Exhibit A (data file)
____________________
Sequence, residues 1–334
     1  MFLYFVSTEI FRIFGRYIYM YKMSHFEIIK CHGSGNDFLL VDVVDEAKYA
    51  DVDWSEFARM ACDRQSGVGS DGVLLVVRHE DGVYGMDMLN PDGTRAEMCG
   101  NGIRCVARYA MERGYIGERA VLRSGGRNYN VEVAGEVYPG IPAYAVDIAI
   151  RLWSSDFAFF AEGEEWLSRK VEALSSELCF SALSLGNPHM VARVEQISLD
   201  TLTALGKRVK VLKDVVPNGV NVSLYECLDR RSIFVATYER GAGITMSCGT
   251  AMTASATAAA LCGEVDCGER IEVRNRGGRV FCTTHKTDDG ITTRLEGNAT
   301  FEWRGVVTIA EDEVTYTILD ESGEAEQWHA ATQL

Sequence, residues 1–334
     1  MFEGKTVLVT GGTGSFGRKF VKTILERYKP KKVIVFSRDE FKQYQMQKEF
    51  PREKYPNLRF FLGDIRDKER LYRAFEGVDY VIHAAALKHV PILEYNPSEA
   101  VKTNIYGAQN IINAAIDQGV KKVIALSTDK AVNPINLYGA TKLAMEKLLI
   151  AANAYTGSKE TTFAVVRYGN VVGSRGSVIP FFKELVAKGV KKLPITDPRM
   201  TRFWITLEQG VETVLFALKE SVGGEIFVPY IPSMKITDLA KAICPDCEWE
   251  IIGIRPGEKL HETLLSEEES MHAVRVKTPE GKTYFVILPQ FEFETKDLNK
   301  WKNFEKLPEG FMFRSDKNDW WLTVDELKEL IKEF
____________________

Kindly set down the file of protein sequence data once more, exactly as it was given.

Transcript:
Sequence, residues 1–334
     1  MFLYFVSTEI FRIFGRYIYM YKMSHFEIIK CHGSGNDFLL VDVVDEAKYA
    51  DVDWSEFARM ACDRQSGVGS DGVLLVVRHE DGVYGMDMLN PDGTRAEMCG
   101  NGIRCVARYA MERGYIGERA VLRSGGRNYN VEVAGEVYPG IPAYAVDIAI
   151  RLWSSDFAFF AEGEEWLSRK VEALSSELCF SALSLGNPHM VARVEQISLD
   201  TLTALGKRVK VLKDVVPNGV NVSLYECLDR RSIFVATYER GAGITMSCGT
   251  AMTASATAAA LCGEVDCGER IEVRNRGGRV FCTTHKTDDG ITTRLEGNAT
   301  FEWRGVVTIA EDEVTYTILD ESGEAEQWHA ATQL

Sequence, residues 1–334
     1  MFEGKTVLVT GGTGSFGRKF VKTILERYKP KKVIVFSRDE FKQYQMQKEF
    51  PREKYPNLRF FLGDIRDKER LYRAFEGVDY VIHAAALKHV PILEYNPSEA
   101  VKTNIYGAQN IINAAIDQGV KKVIALSTDK AVNPINLYGA TKLAMEKLLI
   151  AANAYTGSKE TTFAVVRYGN VVGSRGSVIP FFKELVAKGV KKLPITDPRM
   201  TRFWITLEQG VETVLFALKE SVGGEIFVPY IPSMKITDLA KAICPDCEWE
   251  IIGIRPGEKL HETLLSEEES MHAVRVKTPE GKTYFVILPQ FEFETKDLNK
   301  WKNFEKLPEG FMFRSDKNDW WLTVDELKEL IKEF